Olympics Medals Visualisation

Posted on 23 August 2012 by Mark Davies

I was listening to a discussion recently on the BBC regarding the London Olympics. The discussion centred around the view that when home nations do well there is a dip in future games.

The commentator was suggesting that while Team GB had exceeded expectations in London, this may not be sustained in the Rio games.

I thought I would check out the statememt and did a quick interactive visualisation of the number of medals won by each host nation since 1984. They may have a point, what do you think?

The Excel file is displayed by Josh Bryan in this screen recording and also available to download in the VPA Members Lounge.

Please discuss your thoughts and feel free to check out my previous blogs for Visualising Data with Excel,


8 Comments For This Post

  1. Jon Moore Says:

    Hi Mark

    knowing your approach to visualising the data and the levels of complexity you can expand this 1st process to, I would be really interested to see the further visualisation such as breakdown of medals per country and different sports, also to measure this against financial investment for each sports development this would be really usable data when It comes to national governing bodies planning their future investment to achieve perceived expectations. As a consultant advising NGB’s on their acquisition of performance analysis tools the investment needs to be affordable and sustainable, enabling it to cascade to the grassroots where all of the young athletes are able to access the level of coaching the performance analysis tool can enhance.



  2. Adam Cullinane Says:

    Hi Mark,

    Thanks again for sharing your work, I found your previous blogs and resources around Visualising Analysis in Excel very informative. Being a dual platform user I have used both Excel and Numbers (iWorks) to create resources. I feel both possess differing strengths and weaknesses when trying to represent data in a manner easy to digest.

    Your ‘interactive visualisation’ approach is something I would like to incorporate into my work moving forward. Traditionally my focus has been around the selection of which graphs and/or graphics best display data, colour schemes (to highlight or portray levels of data against thresholds) and organisational layout/presentation (size, shape and location within any page or document). In isolation these aspects maybe viewed minimalistic, but together they all contribute to effective data visualisation. I am sure I am not alone in using these principals as the basis to my work?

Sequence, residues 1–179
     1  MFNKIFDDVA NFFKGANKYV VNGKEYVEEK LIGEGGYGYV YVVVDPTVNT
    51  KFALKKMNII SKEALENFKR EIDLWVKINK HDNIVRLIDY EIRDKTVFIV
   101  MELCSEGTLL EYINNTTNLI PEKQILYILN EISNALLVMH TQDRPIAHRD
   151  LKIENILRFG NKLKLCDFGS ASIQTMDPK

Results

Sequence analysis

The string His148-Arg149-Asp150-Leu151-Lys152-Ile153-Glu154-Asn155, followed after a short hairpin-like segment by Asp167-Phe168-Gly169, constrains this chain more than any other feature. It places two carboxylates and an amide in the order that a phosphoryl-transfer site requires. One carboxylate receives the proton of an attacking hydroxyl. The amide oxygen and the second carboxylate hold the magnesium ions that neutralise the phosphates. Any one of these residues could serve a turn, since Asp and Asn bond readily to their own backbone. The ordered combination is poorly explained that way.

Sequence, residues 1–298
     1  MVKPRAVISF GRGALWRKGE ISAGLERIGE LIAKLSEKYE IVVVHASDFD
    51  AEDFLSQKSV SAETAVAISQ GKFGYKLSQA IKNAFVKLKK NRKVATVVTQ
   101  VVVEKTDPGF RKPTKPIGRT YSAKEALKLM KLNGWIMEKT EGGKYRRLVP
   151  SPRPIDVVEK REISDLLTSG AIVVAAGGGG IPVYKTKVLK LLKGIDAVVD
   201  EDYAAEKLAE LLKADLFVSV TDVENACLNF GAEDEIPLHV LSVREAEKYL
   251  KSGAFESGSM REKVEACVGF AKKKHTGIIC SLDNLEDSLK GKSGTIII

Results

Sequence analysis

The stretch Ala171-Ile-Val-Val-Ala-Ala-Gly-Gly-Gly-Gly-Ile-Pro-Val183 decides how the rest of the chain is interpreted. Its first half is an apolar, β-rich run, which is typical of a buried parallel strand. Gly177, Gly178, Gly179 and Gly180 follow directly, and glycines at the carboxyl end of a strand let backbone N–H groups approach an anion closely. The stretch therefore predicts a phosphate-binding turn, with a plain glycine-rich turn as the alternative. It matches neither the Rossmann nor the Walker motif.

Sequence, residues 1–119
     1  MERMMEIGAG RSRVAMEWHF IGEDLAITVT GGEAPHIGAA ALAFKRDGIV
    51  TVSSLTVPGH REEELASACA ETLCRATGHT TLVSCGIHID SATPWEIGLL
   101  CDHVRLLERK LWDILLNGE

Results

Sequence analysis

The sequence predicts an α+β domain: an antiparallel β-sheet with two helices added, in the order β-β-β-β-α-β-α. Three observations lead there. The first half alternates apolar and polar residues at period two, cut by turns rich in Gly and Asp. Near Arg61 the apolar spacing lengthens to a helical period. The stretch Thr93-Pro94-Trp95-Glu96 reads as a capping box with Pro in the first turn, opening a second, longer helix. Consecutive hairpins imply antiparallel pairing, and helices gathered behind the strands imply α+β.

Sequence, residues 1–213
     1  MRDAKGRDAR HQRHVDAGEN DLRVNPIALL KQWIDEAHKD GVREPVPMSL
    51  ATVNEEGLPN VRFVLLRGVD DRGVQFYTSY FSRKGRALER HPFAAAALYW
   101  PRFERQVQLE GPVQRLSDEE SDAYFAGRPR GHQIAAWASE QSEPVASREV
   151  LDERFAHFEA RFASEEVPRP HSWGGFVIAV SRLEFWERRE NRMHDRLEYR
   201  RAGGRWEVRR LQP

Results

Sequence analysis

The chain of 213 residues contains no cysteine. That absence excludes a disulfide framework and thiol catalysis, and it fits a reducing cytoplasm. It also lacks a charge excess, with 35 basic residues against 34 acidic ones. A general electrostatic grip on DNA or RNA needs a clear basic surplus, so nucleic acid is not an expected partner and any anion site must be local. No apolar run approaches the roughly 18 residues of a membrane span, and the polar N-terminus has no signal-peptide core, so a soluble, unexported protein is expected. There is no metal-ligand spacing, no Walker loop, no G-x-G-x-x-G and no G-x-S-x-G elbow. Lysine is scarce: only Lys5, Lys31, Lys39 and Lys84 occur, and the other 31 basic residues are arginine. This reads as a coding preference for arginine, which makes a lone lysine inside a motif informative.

One thing is for sure, data visualisation is and will remain a fascinating area for discussion and exploration.


  3. Darrell Cobner Says:

    Hi Mark,

    A great mechanism to clearly represent the data in a palatable way. I look forward to learning more… thanks.

    Adam: I found this recent article a useful read.


    Data visualisation is certainly a complex balance of art and science.


  4. Mark Davies Says:

    Hi everyone
    Thanks for your comments.
    This was a relatively simple spreadsheet to do in Excel – a software that is commonly available. Don’t get me wrong this isn’t a sales pitch for Excel, it does have it’s failings, but hopefully it shows what can be achieved.

    Actually my set up at home is Mac, (and I use Excel 2011 for Mac) and while I do use Numbers I don’t find as flexible. To be fair that might say more about me than the software. 🙂

    It would be interesting to see if a similar set up can be achieved in Numbers.
    Anyone fancy the challenge?


  5. Mark Davies Says:

    Hi Jon
    Yes indeed, in the aftermath of the Olympics many NGB will be undertaking reviews.
    In the main these will focus on ensuring funding streams, but the smart ones will be using the opportunity to audit their processes and procedures, to ensure efficient use of funds, resources and data.
    Collaboration will be key to cost effectiveness.
    The exercise will therefore be more about changing beliefs and cultures, and from my experience is far more challenging – but not impossible.


  6. Darren Lewis Says:

    Another cool visualisation Mark, I tried to apply some similar workflows and thought processes to a document for the forthcoming season which I created in iWorks Numbers. Interactive documents like this work really well with large data sets and multiple players/positions etc. thanks

  7. Hai-Binh Ly Says:

    Nice interactive ExCel spreadsheet Mark. This is just something else I need to learn how to do!

  8. Mark Davies Says:

    I took up my own challenge and created the interactive graph in Numbers, not too difficult in the end. I have loaded it to the Members Lounge for those interested in the logic behind the visualisation.


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